"It takes five years to learn when to operate. 20 years to learn when not to."
These words, iced onto his cake at his retirement reception Tuesday, are a sort of catchphrase of beloved doctor Dilip Parulekar, better known to his patients and coworkers as Dr. P.
With almost 36 years of practice in Fulton under his belt, he has had plenty of time to learn when not to operate. Parulekar finally retired fully in March this year, and yesterday was the community's chance to bid him farewell.
The courtyard at Callaway Community Hospital bustled with activity as dozens of people streamed in to wish him a happy retirement. Some were patients, some were coworkers, and even one was family, but all considered themselves to be friends.
After training and practicing briefly in St. Louis, Dr. P. came to Fulton and set up practice in September 1976. Though his certification was in general surgery, he soon found the demands of a small town in Callaway County requiring a more family doctor-oriented approach.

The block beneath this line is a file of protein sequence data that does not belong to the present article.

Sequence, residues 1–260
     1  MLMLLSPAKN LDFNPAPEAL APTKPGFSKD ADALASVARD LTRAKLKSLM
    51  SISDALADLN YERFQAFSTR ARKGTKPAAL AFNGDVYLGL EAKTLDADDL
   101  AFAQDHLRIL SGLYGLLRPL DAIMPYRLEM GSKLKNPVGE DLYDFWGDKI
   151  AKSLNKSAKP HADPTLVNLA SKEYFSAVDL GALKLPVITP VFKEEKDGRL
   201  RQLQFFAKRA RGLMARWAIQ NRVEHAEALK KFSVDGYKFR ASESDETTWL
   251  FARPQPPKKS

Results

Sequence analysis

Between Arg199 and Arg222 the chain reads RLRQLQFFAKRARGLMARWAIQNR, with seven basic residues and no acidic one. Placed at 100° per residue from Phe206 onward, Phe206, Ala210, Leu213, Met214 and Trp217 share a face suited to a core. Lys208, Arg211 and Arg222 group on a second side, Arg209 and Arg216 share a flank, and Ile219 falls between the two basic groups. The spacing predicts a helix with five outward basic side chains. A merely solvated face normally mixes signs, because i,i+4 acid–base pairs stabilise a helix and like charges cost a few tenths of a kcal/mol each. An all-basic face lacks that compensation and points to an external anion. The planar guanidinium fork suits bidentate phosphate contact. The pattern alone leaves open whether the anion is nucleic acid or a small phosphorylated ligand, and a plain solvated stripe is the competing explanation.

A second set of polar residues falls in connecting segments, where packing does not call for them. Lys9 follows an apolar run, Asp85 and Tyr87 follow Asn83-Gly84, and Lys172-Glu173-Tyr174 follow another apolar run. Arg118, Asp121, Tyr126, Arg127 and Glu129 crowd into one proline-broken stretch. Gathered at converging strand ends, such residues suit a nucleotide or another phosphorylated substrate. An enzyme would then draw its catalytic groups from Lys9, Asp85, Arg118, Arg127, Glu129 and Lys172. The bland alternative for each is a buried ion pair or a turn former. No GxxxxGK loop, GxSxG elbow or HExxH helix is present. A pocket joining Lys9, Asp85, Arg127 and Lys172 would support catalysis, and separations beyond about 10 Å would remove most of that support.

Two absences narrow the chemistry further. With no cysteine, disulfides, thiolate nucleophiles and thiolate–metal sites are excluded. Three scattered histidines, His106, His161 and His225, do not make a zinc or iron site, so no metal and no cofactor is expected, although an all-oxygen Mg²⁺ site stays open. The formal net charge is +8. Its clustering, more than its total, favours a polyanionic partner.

"When I first came in 76 I took the place of a general practitioner, John Brown, a family doctor who did lots of surgery," said Parulekar. "That was uncommon in those days, so when I replaced him, a lot of his patients felt that even though I was a surgeon, I should be able to do all the other things that Brown provided like taking care of blood pressure and coughs and colds and diabetes and what have you."
His ability to adapt well to the role of a community family doctor, along with his charming personality, endeared him to his patients and staff through the years to come. Many patients and their families stayed with him for decades. During his years here, Parulekar performed surgeries, treated ailments, saved lives and delivered the babies of babies he had delivered.
"It's been quite a journey," he said. "I have enjoyed working in a small town. A lot of my patients were my friends as well, and a lot of the time I've taken care of two or three generations of people ... I can't hardly think of anybody in the county that I haven't touched in some way or the other."
One such patient is Joyce Wilson, who had been Dr. P's patient since the late "70s. Wilson described Parulekar as "a lot of fun," but more importantly, she notes he saved her life.
"I had colon cancer, and he pushed me until I looked into it," said Wilson of the doctor, who also performed the surgery on her colon. She is in remission now. "He's a friend. He's not just my doctor, he's my friend."